6 questions with…Amy Rabideau ’10 (NSF GRFP)

1) How did you hear about the National Science Foundation Graduate Research Fellowship Program (NSF GRFP) and decide to apply?

As dual chemistry and biology major at SU, I was actively involved in chemistry research in Prof. Rob Doyle’s lab. The more I immersed myself in my research, the more I realized that I should give graduate school a try. I spoke with one of the Advisors of the Renee Crown University Honors Program about the opportunities of funding for graduate school. What I did not realize is that some students get paid to go to graduate school! I decided to apply for the NSF GRF to help support my graduate studies in the fall of my senior year.

Good times at a Pentelute lab group dinner

Good times at a Pentelute lab group dinner

2) You took the award to a Ph.D. program in Chemistry at MIT. What have been the major benefits of receiving the NSF fellowship?

Now, a fourth year graduate student (how the time flies!), I am still thankful for all the support and guidance that I had as I was applying for scholarships and fellowships. These types of awards help you and your advisor financially as well as bolster your resume.

At MIT, I was the first graduate student in my lab. Starting a new lab presented its own unique set of challenges, including financial, especially with the current state of federal research funding. My NSF GRF takes the financial burden off my advisor and me so we can spend our grant money elsewhere. I suppose this Fellowship has provided me with peace of mind that I will be financially supported to do what I enjoy.

3) What’s been the most surprising part of your graduate study?

I am always learning new things! Not only do I continue to learn new things scientifically, but also I learn more and more about myself everyday. I am constantly challenging myself to try new things and take calculated risks. Sometimes, I think of graduate school is like an endurance test of knowledge and life skills.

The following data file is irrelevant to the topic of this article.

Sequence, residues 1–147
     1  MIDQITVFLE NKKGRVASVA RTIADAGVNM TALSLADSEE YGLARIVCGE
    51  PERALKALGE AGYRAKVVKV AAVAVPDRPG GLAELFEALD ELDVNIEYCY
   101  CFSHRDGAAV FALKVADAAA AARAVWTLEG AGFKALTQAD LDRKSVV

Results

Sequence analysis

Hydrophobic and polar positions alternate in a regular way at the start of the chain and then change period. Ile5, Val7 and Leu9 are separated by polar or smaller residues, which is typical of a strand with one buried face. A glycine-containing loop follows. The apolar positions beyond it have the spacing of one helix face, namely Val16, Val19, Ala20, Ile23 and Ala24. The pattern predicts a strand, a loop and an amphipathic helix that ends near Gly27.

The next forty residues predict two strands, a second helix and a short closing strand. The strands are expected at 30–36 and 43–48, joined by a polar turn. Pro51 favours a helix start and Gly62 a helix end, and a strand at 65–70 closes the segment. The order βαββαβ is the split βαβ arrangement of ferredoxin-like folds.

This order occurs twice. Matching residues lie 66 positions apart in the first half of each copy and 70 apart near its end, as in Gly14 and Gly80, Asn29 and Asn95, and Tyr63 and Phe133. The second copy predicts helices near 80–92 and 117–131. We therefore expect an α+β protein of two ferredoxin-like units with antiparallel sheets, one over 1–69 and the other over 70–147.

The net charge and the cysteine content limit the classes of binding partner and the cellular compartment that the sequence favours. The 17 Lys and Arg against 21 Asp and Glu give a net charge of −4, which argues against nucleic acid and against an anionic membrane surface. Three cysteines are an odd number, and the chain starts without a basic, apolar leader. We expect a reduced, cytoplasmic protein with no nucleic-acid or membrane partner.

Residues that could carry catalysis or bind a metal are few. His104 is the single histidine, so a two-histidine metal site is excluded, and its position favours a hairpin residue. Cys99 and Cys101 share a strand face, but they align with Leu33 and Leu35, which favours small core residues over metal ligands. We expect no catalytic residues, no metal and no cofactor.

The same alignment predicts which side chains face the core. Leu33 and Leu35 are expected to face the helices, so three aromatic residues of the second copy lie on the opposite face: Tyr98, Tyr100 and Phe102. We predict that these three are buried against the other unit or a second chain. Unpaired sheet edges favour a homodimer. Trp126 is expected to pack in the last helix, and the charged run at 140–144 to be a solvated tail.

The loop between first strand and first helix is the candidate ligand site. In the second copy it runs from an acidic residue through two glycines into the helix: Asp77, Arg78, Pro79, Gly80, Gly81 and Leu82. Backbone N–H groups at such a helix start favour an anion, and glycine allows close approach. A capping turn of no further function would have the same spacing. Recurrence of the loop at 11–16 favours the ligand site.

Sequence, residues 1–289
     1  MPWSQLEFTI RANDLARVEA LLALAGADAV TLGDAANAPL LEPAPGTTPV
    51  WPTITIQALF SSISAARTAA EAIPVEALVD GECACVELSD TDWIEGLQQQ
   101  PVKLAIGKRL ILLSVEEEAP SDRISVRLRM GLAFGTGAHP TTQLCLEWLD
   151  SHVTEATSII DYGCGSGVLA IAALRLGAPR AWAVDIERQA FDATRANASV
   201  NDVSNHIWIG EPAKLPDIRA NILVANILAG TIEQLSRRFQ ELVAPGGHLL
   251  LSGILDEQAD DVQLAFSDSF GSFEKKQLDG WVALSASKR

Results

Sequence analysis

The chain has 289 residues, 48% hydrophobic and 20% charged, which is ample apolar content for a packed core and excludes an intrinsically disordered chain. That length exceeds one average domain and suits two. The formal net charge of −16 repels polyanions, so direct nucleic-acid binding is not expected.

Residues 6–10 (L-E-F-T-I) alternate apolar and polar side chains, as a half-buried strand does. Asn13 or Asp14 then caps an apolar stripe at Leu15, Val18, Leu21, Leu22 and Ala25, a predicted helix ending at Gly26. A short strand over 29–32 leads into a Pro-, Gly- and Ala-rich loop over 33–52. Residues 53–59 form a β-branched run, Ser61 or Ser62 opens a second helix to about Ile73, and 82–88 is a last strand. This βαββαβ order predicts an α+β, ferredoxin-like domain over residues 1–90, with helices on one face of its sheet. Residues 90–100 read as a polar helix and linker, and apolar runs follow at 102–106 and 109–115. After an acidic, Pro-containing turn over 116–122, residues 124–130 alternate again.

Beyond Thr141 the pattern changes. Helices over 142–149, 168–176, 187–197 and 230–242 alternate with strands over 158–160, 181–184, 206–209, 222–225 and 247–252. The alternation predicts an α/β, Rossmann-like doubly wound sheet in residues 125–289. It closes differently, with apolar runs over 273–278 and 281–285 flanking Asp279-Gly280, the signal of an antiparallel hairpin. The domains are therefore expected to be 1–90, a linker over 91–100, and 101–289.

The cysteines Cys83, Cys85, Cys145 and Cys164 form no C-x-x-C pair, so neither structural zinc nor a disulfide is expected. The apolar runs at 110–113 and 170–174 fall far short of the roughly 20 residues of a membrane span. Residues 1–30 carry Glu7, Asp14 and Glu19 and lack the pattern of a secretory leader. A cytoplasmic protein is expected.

Xiaoli Liao (Pentelute lab post doc) and Amy at a Red Sox/Yankees game

Xiaoli Liao (Pentelute lab post doc) and Amy at a Red Sox/Yankees game

4) Tell us about your research and coursework.  What’s your weekly schedule like?

After leaving SU, I had sort of an identity crisis—what kind of chemist am I? Insignificant to most, but really troublesome to me. After my first year at MIT, I finally realized that I am a biochemist. At MIT, now that I have passed all my cumulative and qualifying exams, my schedule is the same everyday: go to lab (I even work on weekends!).

My research in Prof. Brad Pentelute’s chemistry lab involves developing a strategy to deliver peptides and proteins into the cytosol of cells. The platform we have developed involves hijacking a protein transport nanomachine from anthrax toxin. I am currently working on transporting different types of peptides and proteins into mammalian cells and analyzing their stability, toxicity, and chemical accessibility.

5) What are you doing for fun?

As many of you know Boston has many colleges in the area, which means the surrounding population is fairly young and lively. There are so many things to do in the Boston area! (And, as a student, there are many opportunities for discounts 🙂 But, the thing I enjoy the most is taking runs around the Charles River.

Hiking up Mt. Monadnock in NH

Hiking up Mt. Monadnock in NH

6) Any advice for SU students applying for the NSF GRFP?

My best advice is to start early on your application! I started on my application the summer before my senior year. There are 3 essays and they all take a significant amount of time to work through. Be sure to address both the “intellectual merit and broader impact” requirements in all your essays! Also, have more than one person read your essays. Sometimes feedback can be hard to take, but I always think it’s better to hear it from a friend or Professor than from an official rejection. Good luck!

NSF GRFP supports students in a variety of fields: STEM disciplines, psychology  social sciences including geography  anthropology, international relations, political science and more, and STEM education. The award provides generous support for 3 years of research-based graduate study. You can apply as a graduating senior with applications in progress to graduate school (like Amy) or within your first 12 months of a graduate program. CFSA, the Office of Research and the Graduate School will hold an NSF GRFP writing workshop for applicants on October 11th from 3-5 PM. Click over to the “Events” tab for more information and to RSVP.